Danielle Allen ’93 sits between Princeton President Christopher Eisgruber ’83 and Eric Foner of Columbia University, during “The Princeton and Slavery Project: How It Changes Our Understanding of American History and Poses a Challenge to Historical Commemoration,” in 2017.
Princeton University, Office of Communications, Denise Applewhite

Noting how smoke from Canadian wildfires blanketed New York state last week, GreenFaith executive director Fletcher Harper ’85 wrote “people of faith need to speak up” about climate change.  — Sojourners
As the Supreme Court is expected to rule on affirmative action in higher education, Harvard law professor Randall Kennedy ’77 detailed the long history of efforts to stop Black people from getting ahead. “A baleful echo haunts this ongoing debate,” he wrote. — The New York Times
Former senator and NBA player Bill Bradley ’65 has turned his autobiographical one-man show, Rolling Along, into a film that will premiere June 16 at the Tribeca Festival. — NJ Arts
Circuit Judge Denny Chin ’75 suggested the plaintiffs in a 2020 Connecticut lawsuit over transgender women in sports no longer have the grounds for the lawsuit because they are no longer student athletes. — Reuters
Carla Vernón ’92 talked about her path to becoming CEO of The Honest Company, building an inclusive culture, and how young Black people can position themselves to get ahead. — Ebony
Speaking at the Detroit Historical Museum in his hometown, the Rev. Michael Eric Dyson *93, a Vanderbilt professor, criticized companies that market menthol cigarettes to young people. — The Detroit News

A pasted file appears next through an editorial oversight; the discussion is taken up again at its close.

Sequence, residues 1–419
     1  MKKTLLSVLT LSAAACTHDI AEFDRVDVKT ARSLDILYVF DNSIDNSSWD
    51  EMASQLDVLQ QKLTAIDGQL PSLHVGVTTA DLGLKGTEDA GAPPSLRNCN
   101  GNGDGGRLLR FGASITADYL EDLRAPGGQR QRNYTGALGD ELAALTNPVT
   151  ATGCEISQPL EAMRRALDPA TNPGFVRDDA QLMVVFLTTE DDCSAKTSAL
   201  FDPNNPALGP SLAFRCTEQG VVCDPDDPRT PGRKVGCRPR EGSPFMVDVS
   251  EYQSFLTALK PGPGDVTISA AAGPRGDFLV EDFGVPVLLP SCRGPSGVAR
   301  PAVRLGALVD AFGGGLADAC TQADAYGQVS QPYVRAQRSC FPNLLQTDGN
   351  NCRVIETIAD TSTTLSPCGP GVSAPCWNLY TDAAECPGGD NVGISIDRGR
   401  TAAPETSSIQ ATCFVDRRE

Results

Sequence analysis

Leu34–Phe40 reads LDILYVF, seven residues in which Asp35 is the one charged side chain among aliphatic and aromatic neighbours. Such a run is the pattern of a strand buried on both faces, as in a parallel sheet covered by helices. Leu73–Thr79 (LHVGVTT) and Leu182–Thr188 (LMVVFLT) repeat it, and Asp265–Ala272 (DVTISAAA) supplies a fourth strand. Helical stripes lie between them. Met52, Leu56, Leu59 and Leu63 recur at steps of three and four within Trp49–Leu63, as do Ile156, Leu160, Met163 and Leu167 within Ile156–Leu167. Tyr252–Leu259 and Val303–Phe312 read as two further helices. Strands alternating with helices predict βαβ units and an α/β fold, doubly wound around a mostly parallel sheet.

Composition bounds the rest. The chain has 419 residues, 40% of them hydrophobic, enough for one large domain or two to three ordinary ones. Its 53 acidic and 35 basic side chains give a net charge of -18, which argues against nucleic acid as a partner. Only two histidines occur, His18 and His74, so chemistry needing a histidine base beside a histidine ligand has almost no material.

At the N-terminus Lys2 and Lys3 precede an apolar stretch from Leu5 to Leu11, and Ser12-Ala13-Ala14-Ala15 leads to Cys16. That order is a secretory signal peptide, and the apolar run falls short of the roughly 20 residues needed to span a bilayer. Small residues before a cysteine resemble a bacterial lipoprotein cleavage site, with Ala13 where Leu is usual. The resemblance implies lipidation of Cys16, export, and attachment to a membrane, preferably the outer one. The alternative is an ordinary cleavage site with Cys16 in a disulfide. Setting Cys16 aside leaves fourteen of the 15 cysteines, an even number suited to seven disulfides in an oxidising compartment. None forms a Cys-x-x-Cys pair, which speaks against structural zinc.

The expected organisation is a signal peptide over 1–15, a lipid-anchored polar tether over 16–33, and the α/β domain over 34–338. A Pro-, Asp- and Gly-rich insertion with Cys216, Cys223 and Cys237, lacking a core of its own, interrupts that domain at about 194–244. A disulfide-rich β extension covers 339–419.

As he runs for president in 2024, Cornel West *80’s “intellect, and his bluntness, will make him a significant figure” and shake up the race, wrote national affairs correspondent John Nichols. — The Nation
Never Fade Away, a short film written, produced, and directed by pianist Donna Weng Friedman ’80 about her father, who emigrated from China in the 1940s, was shown at the Museum of Chinese in America yesterday. — Broadway World
A review concludes that Branden Jacobs-Jenkins ’06’s “haunting” new play, The Comeuppance, “updates the reunion genre with too much jungle juice and an otherworldly visitor”: Death. — The New York Times

“The only way to reboot civic learning is if we adults can name and shake our addiction: It’s hate, rage and division. Our addiction is one reason why the kids are tuning us out. If we want them to learn, we’ve got to quit fighting so much. We’ve got to create some common ground.”

— Harvard professor Danielle Allen ’93, who has been working on a new civics curriculum meant to bridge the country’s polarization, called the Educating for American Democracy Roadmap. — The Washington Post

Attackman Alex Slusher ’23 and goalie Griffen Rakower ’23 will play lacrosse for Duke next year as grad transfers. — Inside Lacrosse
Democratic pollster Mark Mellman ’78, said Americans see both political parties as equally accepting of extremists, and that means Democrats aren’t cognizant of their own “brand weaknesses.” — The Hill
U.S. Rep. Mike Gallagher ’06 (R-Wisconsin) said he’ll run for re-election in 2024 instead of taking on current Democratic Sen. Tammy Baldwin. — WBAY
Of the Supreme Court justices, only Samuel Alito ’72 and Clarence Thomas did not release financial disclosures as expected last week. — ABC News
Sarah Cravens ’98, who earned her law degree at the Washington and Lee University School of Law, is now returning as a visiting professor. — The Columns: W&L

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